Somewhere in Karnataka… Photo: subharnab/Flickr, CC BY 2.0.
Bengaluru: India has lost nearly a third of its wetlands to urbanisation, agricultural expansion and pollution over the last four decades, according to the ‘Living Planet’ report, released on September 10 by the World Wildlife Fund (WWF) together with the Zoological Society of London.
The population of freshwater species including fish, birds and amphibians have declined by 84% around the world since 1970. The findings substantiate previous indications that Earth is currently going through its sixth mass extinction in history, driven by human industrialisation and consumption.
And “the fact that until today there is no law in the land that specifically protects the integrity of wetlands indicates the lackadaisical approach by lawmakers” towards wetlands, Manoj Mishra, the convener of Yamuna Jiye Abhiyaan, a consortium of organisations trying to help revive the Yamuna, said.
Unlike other threatened ecosystems like forests, governments and people have seen wetlands as wastelands. And so they’ve been “drained and usurped for conversion and polluted to no end be it by the forces of urbanisation, industrialisation or chemical agriculture,” Mishra said.
On the other hand, dams and other engineering intrusions are changing wildlife habitat for the simple reason that “rivers are far more than water or watercourses,” Steve Lockett, an education and outreach officer at the Mahseer Trust, UK, which works to conserve mahseer fish (genus Tor) as a flagship species. He added that while some changes to river systems “are known and ignored, such as illegal and even licensed sand mining, others are unexpected and can be devastating, like halting sediment transportation, or raising water temperature by lowering flows and depths, and removing tree cover.”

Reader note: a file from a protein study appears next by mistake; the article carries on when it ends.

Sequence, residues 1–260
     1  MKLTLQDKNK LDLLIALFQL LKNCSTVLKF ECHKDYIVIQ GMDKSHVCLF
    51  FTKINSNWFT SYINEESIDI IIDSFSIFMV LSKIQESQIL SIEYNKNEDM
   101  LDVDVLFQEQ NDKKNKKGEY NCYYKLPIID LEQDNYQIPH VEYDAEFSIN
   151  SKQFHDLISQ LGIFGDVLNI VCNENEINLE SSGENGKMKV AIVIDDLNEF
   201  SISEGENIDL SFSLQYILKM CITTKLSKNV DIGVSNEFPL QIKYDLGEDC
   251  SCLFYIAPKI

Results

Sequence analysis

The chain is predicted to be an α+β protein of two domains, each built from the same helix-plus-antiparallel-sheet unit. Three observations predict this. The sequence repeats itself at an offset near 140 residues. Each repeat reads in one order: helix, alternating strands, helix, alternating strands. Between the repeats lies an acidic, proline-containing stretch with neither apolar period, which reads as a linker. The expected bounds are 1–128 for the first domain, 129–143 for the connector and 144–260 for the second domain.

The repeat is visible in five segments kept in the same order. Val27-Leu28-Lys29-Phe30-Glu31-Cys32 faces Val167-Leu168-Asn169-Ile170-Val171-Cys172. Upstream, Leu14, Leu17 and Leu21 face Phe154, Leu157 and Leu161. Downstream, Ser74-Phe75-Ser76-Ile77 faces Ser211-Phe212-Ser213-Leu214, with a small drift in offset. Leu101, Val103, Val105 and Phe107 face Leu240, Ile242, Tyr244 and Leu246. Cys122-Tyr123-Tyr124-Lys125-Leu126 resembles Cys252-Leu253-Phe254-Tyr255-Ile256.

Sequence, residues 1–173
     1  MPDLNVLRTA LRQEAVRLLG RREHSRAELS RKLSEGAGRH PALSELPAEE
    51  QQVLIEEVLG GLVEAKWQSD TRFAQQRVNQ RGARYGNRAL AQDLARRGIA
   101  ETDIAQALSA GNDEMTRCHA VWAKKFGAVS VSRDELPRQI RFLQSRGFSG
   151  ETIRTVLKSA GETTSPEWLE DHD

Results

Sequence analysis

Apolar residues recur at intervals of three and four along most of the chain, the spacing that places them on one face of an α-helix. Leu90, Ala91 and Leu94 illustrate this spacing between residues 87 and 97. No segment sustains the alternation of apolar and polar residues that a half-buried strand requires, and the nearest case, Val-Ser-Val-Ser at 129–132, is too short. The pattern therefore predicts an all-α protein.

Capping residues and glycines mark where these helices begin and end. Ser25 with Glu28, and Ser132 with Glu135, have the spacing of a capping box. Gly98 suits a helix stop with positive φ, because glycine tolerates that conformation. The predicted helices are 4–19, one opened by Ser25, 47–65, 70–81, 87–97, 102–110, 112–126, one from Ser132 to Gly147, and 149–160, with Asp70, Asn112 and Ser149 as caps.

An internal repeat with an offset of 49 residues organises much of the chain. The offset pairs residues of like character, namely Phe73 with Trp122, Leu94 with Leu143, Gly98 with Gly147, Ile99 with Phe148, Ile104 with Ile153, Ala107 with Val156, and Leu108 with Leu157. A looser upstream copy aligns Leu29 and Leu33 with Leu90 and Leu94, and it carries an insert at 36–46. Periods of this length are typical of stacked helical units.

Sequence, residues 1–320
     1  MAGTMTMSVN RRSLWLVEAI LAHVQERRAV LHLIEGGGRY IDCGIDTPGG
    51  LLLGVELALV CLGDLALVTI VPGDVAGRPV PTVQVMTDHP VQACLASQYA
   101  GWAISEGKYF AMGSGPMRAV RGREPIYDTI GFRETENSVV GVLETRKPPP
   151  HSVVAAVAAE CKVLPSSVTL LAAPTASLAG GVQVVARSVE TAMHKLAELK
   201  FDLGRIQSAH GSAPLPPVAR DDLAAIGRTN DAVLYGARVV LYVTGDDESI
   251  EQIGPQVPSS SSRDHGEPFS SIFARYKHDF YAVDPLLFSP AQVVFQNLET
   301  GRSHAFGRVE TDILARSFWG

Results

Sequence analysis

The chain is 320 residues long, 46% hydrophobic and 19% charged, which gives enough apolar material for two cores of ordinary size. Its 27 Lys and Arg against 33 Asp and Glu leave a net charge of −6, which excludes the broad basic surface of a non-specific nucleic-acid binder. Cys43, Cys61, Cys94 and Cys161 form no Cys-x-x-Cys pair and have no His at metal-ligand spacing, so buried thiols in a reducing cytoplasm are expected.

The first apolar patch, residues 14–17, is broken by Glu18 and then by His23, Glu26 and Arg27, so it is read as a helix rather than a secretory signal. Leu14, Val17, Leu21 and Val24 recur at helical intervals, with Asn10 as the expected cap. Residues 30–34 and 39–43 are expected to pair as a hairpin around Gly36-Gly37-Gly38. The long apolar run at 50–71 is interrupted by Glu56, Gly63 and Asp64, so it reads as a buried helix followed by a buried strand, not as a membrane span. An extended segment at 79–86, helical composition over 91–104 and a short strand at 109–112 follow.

The other threat to biodiversity in freshwater systems in India is the trade for fish to use as ornaments. “Northeast hill states and the Western Ghats are particularly rich in endemic fish species and are, therefore, under much larger threat from trafficking for the ornamental trade,” according to Lockett. Much of the stock is routed through Thailand, Malaysia and Singapore. “Despite being subject to [wildlife] laws similar to those applying to tigers and pangolins, being fish, the trade is virtually invisible.”
“Currently, the focus [in terms of conservation of freshwater ecosystems and aquatic biodiversity ] is on the Ganga,” said Suresh Babu, the director of the rivers, wetlands and water policy, WWF India.
In similar vein, freshwater species need more focus. In 2009, the Government of India declared the Ganges river dolphins to be India’s national aquatic animal, thus promoting their conservation and protection. Ten years later, the government of Punjab declared the Indus river dolphin to be its state aquatic animal, similar raising this species’s conservation status. And in keeping with Prime Minister Narendra Modi’s address on Independence Day 2020, a ‘Project Dolphin’ is currently in the works.
Other species like gharial, turtles, fish and wetland birds need to be part of a nation freshwater conservation strategies to ensure overall conservation of freshwater biodiversity. “There is an urgent need for a unified strategy for freshwater conservation in India… This will require a multi-disciplinary, multi stakeholder approach,” Babu said.
Around the world as well, the WWF report noted that freshwater biodiversity is dropping faster than the corresponding declines in oceans and forests.